I’d been traveling a lot and it’d been too long since I’d lunched with Bernard and Maddie. Maddie came to our table with a hat – a small, foppish affair that coerced a dopey grin from me. Of course, with the political sensibility of a place setting and a casual kind of emotional awareness, she was the closest thing I knew to an autistic savant and an odd foil to Bernard who had seemed to reverse this equation, as if these aged siblings were the ying and yang of emotional and social intelligence. Or maybe it was just my judgment that was skewed. In any case, I had missed our conversations. I had missed them.

Bernard was fretting about his granddaughter. “She doesn’t seem capable of just deciding who she wants to be outside of a relationship,” he said. “I worry about her. It’s almost like everything is up for grabs – from career to belief system – until she finds the right guy.”

“I know what you mean,” I chimed in. “How does she even know who the right guy is until she knows who she wants to be?”

Maddie cocked her head. “You boys have no clue, do you?”

“What?” I was baffled twice. Once that she’d actually called us boys and again with her accusation of cluelessness.

“I’ve been reading that stuff about systems thinking you suggested I read, Ron.”

“You have?”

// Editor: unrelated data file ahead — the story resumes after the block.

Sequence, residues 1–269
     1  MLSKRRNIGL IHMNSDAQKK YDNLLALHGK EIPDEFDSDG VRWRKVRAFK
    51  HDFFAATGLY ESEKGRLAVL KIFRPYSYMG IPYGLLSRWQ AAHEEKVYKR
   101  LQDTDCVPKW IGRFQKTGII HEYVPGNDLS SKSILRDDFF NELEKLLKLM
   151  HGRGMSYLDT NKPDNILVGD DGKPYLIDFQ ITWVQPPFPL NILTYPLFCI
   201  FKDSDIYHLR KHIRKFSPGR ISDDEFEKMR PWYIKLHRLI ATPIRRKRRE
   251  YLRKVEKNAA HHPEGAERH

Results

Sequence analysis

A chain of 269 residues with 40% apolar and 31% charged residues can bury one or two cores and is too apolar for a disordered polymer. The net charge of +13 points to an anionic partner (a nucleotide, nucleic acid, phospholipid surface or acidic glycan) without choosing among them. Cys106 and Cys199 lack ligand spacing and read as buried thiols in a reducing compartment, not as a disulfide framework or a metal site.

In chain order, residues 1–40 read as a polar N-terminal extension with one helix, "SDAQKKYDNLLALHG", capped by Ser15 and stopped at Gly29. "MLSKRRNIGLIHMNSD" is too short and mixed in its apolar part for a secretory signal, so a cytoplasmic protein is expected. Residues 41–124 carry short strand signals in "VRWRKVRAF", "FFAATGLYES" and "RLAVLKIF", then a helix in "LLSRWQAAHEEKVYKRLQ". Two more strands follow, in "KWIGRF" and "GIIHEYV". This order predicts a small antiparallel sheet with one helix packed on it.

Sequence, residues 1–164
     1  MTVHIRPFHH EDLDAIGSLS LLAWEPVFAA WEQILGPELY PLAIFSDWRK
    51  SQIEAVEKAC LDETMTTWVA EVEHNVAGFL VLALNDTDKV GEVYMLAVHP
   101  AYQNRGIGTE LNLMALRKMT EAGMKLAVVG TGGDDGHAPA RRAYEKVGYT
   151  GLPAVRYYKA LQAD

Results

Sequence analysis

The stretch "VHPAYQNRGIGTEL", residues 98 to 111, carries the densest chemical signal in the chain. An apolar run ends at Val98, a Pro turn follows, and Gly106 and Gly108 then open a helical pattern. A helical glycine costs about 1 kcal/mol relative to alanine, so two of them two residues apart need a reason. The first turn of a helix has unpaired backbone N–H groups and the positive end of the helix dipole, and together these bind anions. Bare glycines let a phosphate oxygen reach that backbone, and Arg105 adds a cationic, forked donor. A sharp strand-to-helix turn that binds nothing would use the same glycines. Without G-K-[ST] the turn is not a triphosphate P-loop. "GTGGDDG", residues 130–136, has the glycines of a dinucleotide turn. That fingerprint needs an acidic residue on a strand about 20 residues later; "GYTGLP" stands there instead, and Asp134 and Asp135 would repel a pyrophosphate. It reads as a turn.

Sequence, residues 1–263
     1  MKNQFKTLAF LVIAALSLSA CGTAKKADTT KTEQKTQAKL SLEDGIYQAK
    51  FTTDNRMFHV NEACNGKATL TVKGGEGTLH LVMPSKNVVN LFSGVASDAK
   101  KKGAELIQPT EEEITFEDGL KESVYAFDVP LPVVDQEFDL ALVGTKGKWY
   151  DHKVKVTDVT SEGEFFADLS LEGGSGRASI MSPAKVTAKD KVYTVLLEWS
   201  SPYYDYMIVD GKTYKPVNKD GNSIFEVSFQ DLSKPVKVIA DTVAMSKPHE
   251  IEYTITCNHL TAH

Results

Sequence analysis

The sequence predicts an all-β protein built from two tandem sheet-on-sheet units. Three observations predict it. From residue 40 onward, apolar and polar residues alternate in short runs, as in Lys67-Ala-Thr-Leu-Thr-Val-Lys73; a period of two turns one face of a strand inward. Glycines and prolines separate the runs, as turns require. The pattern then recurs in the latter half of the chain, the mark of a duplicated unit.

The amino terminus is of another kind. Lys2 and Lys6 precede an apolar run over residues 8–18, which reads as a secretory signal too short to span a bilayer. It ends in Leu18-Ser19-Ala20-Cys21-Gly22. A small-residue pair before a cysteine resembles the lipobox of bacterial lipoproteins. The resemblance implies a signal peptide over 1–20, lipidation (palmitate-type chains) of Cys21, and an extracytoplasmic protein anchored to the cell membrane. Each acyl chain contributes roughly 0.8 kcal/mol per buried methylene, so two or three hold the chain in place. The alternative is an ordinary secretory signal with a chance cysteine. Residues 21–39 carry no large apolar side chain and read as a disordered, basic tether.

“Yes. You suggested it but you don’t really understand it, do you?” She looked at me innocently but it felt like a strong accusation.

“Well, I would hope that I do,” I said hesitantly, unsure where she was going with this.

“Those systems thinkers use lots of fancy language, but isn’t the real message behind systems thinking that you cannot understand parts until you understand what they’re a part of?”

“Yeah,” I grudgingly acknowledged. “I guess that’s it, although that seems a little simple.”

“Or you can say that context is everything, right? If you don’t know the context, you don’t know the thing.”

“So what does this have to do with Emma?” Bernard inquired, insulted that Maddie would so quickly turn the conversation from his granddaughter.

“Well, guys don’t seem to take naturally to systems thinking. But I think that it is ingrained in us women. We know things intuitively that you simply don’t and we don’t need fancy language and models to know this.”

“Such as?” Bernard asked.

“Well, you are saying that your granddaughter should define her life without regard to her most important relationship,” she looked at Bernard and then turned to me. “And relationships are the whole point of systems thinking, right?”

“Yes,” I said, wondering how she had managed to so quickly get past the verbiage of systems thinking to its essence so quickly.

“Well, your granddaughter is much smarter than you, as women are, and that’s why men dominate in culture. It’s not just their brute strength that makes this a man’s world. Men make the choices and women, who understand that without relationships the world would fall apart, accommodate. They do this not because they are weaker. They do this because they are smarter. Of course your granddaughter is trying to figure out relationships first. If everyone acted like a marble in a pinball machine, the world would fall apart. The fact that you men are unaware of this doesn’t make you better – it just means that we women have to make adjustments that you won’t, that you are not even aware need to be made. “